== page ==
U.S. Department of Labor Administrative Law Judge Linda S. Chapman has ordered Bank of America Corp. to pay 1,147 African American job applicants $ 2,181,593 in back wages and interest for race-based hiring discrimination at the company’s Charlotte facility. The order highlights the high price that employers that are government contractors can face if unable to defend their hiring, promotion, recruitment or other employment practices against race or other discrimination charges brought by the Office of Federal Contracts Compliance Programs (OFCCP), Equal Employment Opportunity Commission (EEOC) or other applicable federal agencies. See Judge orders Bank of America to pay almost $2.2 million for racial discrimination against more than 1,100 African-American job seekers. With the Obama Administration’s long commitment to proactive enforcement and expansion of affirmative action and discrimination laws, government contractors and other employers should take the order as another reminder of the need to remain constantly diligent in the effort to ensure that their employment practices and programs are designed, administered and documented to position their organizations to prevent and defend against charges of discrimination, whether brought by OFCCP, the EEOC, another agency or private plaintiffs.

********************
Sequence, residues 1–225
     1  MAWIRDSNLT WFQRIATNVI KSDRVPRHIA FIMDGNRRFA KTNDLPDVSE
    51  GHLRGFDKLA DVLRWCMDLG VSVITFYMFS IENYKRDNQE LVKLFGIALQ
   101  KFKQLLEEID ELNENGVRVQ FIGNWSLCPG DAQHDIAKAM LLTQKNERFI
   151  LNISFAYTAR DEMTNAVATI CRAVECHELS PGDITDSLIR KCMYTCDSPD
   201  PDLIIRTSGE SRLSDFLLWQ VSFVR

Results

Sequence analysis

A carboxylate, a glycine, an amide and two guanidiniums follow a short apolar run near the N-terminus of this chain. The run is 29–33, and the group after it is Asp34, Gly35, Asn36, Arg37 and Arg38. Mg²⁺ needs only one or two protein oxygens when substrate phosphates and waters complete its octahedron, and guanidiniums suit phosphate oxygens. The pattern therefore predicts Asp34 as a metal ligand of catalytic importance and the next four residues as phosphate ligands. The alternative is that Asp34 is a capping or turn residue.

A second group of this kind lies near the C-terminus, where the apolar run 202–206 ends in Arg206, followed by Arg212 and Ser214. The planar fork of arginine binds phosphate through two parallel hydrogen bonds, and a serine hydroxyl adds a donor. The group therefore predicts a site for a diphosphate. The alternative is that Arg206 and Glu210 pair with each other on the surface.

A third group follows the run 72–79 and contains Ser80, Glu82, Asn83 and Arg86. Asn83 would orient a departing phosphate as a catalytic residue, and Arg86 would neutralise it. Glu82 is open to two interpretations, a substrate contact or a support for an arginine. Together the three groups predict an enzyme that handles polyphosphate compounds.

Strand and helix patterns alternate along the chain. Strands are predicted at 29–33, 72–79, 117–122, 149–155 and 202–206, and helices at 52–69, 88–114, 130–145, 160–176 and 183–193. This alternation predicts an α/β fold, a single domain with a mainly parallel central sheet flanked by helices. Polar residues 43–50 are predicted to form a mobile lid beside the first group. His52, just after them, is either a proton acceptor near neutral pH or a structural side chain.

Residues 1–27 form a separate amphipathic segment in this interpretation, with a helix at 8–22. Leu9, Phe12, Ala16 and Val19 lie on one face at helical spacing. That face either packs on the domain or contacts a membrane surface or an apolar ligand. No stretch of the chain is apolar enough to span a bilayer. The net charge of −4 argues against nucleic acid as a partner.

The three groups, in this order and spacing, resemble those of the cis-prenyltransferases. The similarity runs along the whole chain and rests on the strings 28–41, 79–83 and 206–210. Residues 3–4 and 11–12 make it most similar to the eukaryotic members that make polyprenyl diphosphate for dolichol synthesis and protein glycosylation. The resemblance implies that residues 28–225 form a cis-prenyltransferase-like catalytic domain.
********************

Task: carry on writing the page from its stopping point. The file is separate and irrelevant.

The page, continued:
The ruling represents a major victory in a case that has spanned nearly two decades, during which Bank of America repeatedly challenged the authority of the OFCCP and follows an earlier ruling where the judge determined that the bank applied unfair and inconsistent selection criteria resulting in the rejection of qualified African American applicants for teller and entry-level clerical and administrative positions.
U.S. employment law generally prohibit U.S. businesses domestically or abroad from discriminating against applicants based on race, religion, national origin, sex, disability and certain other grounds. Where as was the case of Bank of America, the employer is a business that provides directly or as a subcontractor services and products, it must not only meet these generally applicable requirements, but also additional, tighter standards applicable to federal contractors under OFCCP’s regulatory requirements.